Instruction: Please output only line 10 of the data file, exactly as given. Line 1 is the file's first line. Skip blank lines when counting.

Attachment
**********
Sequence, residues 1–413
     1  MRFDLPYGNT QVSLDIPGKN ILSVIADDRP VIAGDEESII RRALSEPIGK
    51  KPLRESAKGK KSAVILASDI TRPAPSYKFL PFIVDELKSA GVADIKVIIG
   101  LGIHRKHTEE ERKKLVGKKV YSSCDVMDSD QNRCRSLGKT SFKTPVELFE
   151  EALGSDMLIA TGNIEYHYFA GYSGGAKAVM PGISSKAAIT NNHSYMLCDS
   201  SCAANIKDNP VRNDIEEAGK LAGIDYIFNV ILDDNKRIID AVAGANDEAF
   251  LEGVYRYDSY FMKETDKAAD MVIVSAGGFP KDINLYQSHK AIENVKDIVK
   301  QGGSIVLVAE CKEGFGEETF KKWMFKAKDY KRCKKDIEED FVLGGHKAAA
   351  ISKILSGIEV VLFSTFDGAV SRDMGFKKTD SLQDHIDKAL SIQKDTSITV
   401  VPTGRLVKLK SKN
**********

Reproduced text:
   401  VPTGRLVKLK SKN